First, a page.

What needs to happen to prepare the next generation to take over, and for the current generation to feel comfortable moving on? Development and education are vital in this regard. For us, there were some clear requirements. Having benefitted from IMD’s Personal Executive Development program over a six month period in the 1980s, Steen already understood the power of investing in individual training. With this in mind, Anders, now our CEO, decided on top of a five-year business school degree and six years within finance institutions to pursue IMD’s intimate and diverse MBA program as part of the process of moving from a career in banking to general management and running the family business. After the MBA, Anders took a position in a large global company in Austria. Our collective engagement with LFB program was also an opportunity to step back and work together to learn, co-create and grow as a family. Beyond the classroom, Camilla, now Deputy CEO and member of the board of directors, wanted to improve her business learning and to get to know the business from the inside. Before entering Plus Pack, Camilla held positions within strategic communication and public relations with a MA from the University of London and a Master in Modern Culture and Cultural Dissemination from the University of Copenhagen. Today, Camilla also holds positions outside Plus Pack, having been appointed chair of one of the Danish Government’s Climate Partnerships with the business sector, a member of the Danish government’s Green Business Forum and Chairman of the Board of Danish Design Centre. Do your family members need to gain external professional experience or qualifications – and the confidence that goes with that independent path? How much should they focus on getting to know the family business? How can the next generation gain the confidence in their own ability and the trust of others to lead the business? In the end, it’s helpful to have a holistic approach to ensure that the next generation has a rounded knowledge of the family business, but also diverse expertise and experience that will help fuel the ideas of the future.
Put the fish on the table
This memorable phrase has become something of a motto for us, inspired by our participation in LFB, in which we were encouraged to engage in challenging and honest conversations as part of our learning journey. Raising difficult personal, emotional or business issues and speaking through our differences in an honest and open way can help to avoid bigger problems in the future. This can be a scary experience, but it is vital for family members to listen to each other and occasionally walk in each other’s shoes in order to better understand feelings and expectations, and to navigate areas of conflict more effectively. Family enterprises are more emotionally complex than non-family businesses because of the existing dynamics within family relationships. Expectations also change over time as roles, authority and identities evolve, so regularly engaging in honest discussion requires a strong commitment from everyone to put the effort in and to not get lost in daily business. As part of our development journey as a family, we learned to look for bonding and bridges rather than fear and frustrations.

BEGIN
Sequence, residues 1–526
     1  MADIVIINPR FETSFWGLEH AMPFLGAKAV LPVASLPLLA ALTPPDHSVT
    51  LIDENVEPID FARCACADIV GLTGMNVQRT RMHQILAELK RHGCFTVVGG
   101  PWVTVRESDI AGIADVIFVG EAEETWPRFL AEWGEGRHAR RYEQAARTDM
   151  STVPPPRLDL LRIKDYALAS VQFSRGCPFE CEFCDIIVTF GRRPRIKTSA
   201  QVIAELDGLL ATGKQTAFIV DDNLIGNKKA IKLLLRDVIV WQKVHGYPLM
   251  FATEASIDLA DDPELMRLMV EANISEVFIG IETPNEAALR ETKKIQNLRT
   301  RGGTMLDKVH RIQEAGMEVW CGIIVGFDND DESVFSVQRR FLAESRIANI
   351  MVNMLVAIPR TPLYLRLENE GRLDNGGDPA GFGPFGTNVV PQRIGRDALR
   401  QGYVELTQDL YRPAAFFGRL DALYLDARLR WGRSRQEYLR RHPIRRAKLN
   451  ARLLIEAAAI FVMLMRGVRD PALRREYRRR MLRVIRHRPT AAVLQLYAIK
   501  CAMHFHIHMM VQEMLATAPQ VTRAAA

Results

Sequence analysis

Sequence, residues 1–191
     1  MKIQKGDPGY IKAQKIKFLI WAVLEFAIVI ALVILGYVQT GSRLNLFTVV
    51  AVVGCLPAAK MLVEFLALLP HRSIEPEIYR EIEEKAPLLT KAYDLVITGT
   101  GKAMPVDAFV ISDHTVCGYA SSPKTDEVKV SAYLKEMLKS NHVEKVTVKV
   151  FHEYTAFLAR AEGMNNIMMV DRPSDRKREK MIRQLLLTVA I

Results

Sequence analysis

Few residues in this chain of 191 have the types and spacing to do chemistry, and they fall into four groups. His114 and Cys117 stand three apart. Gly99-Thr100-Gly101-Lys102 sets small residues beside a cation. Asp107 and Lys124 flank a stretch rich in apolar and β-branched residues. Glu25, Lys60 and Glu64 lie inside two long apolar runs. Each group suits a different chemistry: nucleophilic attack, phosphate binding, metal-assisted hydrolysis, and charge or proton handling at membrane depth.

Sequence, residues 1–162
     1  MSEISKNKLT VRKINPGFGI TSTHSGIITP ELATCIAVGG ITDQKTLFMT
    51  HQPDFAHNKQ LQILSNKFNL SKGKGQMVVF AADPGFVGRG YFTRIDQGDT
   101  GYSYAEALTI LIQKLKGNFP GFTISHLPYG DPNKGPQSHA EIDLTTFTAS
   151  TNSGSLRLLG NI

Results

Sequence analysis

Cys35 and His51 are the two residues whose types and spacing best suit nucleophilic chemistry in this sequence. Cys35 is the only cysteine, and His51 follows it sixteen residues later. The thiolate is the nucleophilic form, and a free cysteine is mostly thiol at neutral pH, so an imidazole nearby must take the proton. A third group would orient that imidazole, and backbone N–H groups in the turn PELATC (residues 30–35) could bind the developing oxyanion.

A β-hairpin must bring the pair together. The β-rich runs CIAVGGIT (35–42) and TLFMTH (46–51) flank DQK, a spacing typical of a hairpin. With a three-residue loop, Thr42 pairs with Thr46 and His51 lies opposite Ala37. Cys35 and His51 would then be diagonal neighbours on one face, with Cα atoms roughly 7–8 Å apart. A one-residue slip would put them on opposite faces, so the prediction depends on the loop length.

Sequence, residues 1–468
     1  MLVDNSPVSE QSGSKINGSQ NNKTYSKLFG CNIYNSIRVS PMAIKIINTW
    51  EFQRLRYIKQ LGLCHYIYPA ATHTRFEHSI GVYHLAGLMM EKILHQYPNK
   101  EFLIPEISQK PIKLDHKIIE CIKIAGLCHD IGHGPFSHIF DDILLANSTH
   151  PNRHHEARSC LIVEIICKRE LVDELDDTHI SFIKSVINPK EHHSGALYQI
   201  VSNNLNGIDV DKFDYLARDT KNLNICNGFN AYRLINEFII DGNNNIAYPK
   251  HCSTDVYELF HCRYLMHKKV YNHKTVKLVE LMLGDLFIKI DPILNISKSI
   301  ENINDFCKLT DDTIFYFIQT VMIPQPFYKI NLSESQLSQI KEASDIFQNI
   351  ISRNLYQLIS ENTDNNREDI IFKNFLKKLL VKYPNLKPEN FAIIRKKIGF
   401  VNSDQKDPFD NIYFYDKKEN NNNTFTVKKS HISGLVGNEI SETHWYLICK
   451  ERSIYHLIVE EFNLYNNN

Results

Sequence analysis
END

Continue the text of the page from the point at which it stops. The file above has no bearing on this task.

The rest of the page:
The older generation must think beyond the business
So much emphasis is put on the next generation, that it is easy to lose sight of what happens next for existing family business leaders. Without a clear plan, older generations can linger and interfere with the new direction of the company or struggle to find meaning beyond the business. It is important to retire “to something” – to have a real challenge ahead, and this needs thought well in advance as part of your overall succession plan. Moving “to something” meaningful could entail writing a book about your experiences in business and taking on a board or chair position with another company where you can share knowledge in an independent way, as in Steen’s case. At present, Steen is chairman of the Danish chapter of Family Business International.